VirtualDayz

I explore media in transition. My research encompasses film, video, print, digital arts, and the web. I'm interested in what artists and writers are doing and in what critics and scholars are saying.

Friday, September 23, 2005

Video Essays, Part 1: Autobiographical Stages/Women's Lives: From Video to the World Wide Web (Introduction)

While rereading old Word files, I came across notes for a series of articles I planned to write several years ago on women’s experimental videos from the 1980s and early 1990s. After publishing one piece, I abandoned the project—mainly because I shifted my attention to new media—but I think the articles still have relevance, so I’ll be documenting introductions to four of the articles as I wrote them circa 2000–2003. (Notes for the others are too sketchy to share.) Traces of these writing exercises can be found today in both my analytical work and my creative practices, whether I’m dealing with print, video, or new media, including the Web.

I’ve selected introductions to the following articles:

  • Autobiographical Stages/Women's Lives: From Video to the World Wide Web
  • Dear Diary Revisited: Transforming Personal Archives, Flag and Trick or Drink
  • Switching Channels in the Age of Video: A Personal Medium for Storytellers
  • Redesigning Stage Sets: Viewing The Yellow Wallpaper Differently

The first introduction appears here; the rest will appear in separate posts.

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Autobiographical Stages/Women's Lives: From Video to the World Wide Web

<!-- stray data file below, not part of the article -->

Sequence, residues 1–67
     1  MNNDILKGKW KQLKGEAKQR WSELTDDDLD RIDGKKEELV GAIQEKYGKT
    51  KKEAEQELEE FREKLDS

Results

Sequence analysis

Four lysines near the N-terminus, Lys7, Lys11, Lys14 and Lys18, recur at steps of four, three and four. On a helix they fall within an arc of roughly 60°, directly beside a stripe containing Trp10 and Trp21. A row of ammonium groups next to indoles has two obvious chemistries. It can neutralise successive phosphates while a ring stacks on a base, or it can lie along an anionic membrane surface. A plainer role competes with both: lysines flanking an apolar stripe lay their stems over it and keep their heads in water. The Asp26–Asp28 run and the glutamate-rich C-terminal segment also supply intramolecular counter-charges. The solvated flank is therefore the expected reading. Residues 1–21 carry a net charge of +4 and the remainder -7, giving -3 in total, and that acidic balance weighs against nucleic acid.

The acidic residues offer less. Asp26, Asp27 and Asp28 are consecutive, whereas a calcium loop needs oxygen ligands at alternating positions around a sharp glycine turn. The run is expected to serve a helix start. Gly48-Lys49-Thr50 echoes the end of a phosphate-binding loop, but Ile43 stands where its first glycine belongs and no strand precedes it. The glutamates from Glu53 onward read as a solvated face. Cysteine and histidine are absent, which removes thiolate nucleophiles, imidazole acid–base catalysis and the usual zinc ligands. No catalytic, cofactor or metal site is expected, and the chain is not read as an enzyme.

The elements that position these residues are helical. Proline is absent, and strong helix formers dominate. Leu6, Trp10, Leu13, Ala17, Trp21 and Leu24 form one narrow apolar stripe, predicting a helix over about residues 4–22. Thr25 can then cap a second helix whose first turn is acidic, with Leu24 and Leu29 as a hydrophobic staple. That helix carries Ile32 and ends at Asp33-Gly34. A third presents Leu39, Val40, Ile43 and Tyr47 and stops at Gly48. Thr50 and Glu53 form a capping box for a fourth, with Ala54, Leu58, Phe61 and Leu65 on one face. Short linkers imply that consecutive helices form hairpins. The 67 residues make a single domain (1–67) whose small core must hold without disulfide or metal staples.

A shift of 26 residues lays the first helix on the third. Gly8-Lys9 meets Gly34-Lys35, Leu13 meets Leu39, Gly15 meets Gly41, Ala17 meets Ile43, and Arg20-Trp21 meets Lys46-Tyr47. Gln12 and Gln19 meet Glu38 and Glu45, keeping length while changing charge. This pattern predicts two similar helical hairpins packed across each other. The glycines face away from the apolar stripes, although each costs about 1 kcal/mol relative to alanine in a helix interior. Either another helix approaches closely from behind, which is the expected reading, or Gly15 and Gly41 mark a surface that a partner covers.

Independent videomakers from the late twentieth century offer signposts to the writers and artists who are shaping the evolution of new media at the beginning of the twenty-first century. Now, as in the past, creative thinkers recognize the importance of joining contemporary debates and finding places for their private voices and visions in public spheres. Autobiographical videos by women have explored such transitions from "private" to "public" extensively, often drawing on diverse cultural reserves. A sampling of autobiographical videos that American women made in the 1980s and early 1990s suggests crossover possibilities for personal storytelling in cyberspace.

During the period in which the selected videos were made, analogue gave way to digital and the Internet emergesd as the next discursive frontier. Amid such decisive shifts in the "public" sphere, the videos stage "private" transitions that women undergo. Their journeys hint at passageways that lead to a communications era informed by new technologies as well as by the legacies of women who have explored autobiographical theories and practices for the twenty-first century. Blurring genres and experimenting with multimedia approaches to portraiture, the videos in this sampling rework autobiographical—as well as diaristic, epistolary, biographical, and documentary—conventions.

While only highlights from a vast archive, these videos suggest a collective movement toward what Trinh T. Minh-ha calls "the end of a 'no-admitted' status, the end of a soliloquy confined to the private sphere, and the start of a possible sharing with the unknown other—the reader" (Women, Native, Other, 8), a concept that extends to the viewer. When considered in relation to one another, the videos map out routes that women have traced in their lives and their work. Moreover, the subjects of the videos emerge as contenders for a dialogue about growing up in America after the Second World War. As the twenty-first century unfolds, the videos challenge new media producers to investigate further these pre-Internet experiments with autobiographical narratives, taking advantage of the Web’s interactive, hypermedia potential and addressing changing social climates.

(See Video Essays, Part 2: Dear Diary Revisited: Transforming Personal Archives, Flag and Trick or Drink; Part 3, Switching Channels in the Age of Video: A Personal Medium for Storytellers; and Part 4, Redesigning Stage Sets: Viewing The Yellow Wallpaper Differently)

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